Campaigners' boat collides with whaling ship
A boat carrying anti-whaling protestors has collided with a Japanese whaling vessel in the Antarctic Ocean.
Japan says their ship was rammed on purpose and called it an "unforgiveable act of violence".
But campaigners claim the collision was unavoidable, saying the whalers blocked their path as they tried to stop a dead whale being loaded onto Japan's ship.
It's the latest of many confrontations between the two sides, which are said to be getting increasingly aggressive.
Japan is regularly criticised for killing up to 1,000 whales every year, for what it calls genuine scientific research.
But anti-hunting groups say the whaling is unnecessary and think Japan is more interested in selling the meat for food.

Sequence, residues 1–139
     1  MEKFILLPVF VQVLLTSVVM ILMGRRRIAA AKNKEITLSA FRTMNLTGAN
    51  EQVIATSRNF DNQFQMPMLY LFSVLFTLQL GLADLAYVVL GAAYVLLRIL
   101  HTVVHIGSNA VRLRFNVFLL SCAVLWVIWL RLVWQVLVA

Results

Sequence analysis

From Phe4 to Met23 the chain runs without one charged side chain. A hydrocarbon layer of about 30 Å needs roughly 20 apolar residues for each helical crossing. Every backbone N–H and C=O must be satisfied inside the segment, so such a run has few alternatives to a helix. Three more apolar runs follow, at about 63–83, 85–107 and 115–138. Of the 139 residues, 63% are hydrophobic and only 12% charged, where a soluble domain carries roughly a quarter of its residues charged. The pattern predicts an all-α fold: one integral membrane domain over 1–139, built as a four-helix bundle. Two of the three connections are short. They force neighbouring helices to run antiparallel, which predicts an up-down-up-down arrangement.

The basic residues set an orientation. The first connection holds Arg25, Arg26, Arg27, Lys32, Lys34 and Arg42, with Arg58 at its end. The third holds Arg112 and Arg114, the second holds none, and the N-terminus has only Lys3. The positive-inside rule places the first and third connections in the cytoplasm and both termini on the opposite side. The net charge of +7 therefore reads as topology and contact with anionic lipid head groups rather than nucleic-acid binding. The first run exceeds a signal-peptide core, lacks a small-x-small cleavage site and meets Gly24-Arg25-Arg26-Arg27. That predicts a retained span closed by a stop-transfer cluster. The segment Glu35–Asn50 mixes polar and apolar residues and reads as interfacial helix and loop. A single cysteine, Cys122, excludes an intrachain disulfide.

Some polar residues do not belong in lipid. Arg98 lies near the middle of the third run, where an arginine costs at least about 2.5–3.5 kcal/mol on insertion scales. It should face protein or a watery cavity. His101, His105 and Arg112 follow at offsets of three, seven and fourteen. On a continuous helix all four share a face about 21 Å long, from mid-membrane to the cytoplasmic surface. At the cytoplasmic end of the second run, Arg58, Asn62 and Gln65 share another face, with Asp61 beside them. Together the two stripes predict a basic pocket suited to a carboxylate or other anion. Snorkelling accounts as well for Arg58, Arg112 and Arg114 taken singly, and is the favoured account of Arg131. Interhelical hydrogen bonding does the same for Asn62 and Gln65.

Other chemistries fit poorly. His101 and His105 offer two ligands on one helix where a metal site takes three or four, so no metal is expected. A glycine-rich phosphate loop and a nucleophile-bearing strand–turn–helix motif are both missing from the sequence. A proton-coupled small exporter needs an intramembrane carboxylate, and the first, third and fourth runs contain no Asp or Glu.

It's been illegal to kill whales for their meat since 1986 and whalers and protesters regularly clash out at sea.
Anti-whaling activists have been following the latest Japanese fleet since December.
Since then both sides have accused each other of throwing things at their boats and getting in each other's way.
The Australian and New Zealand governments, who are against Japan's whaling activities, are once again asking both sides to stay calm.
But environmental groups are insisting they will continue to do all they can to disrupt the hunt.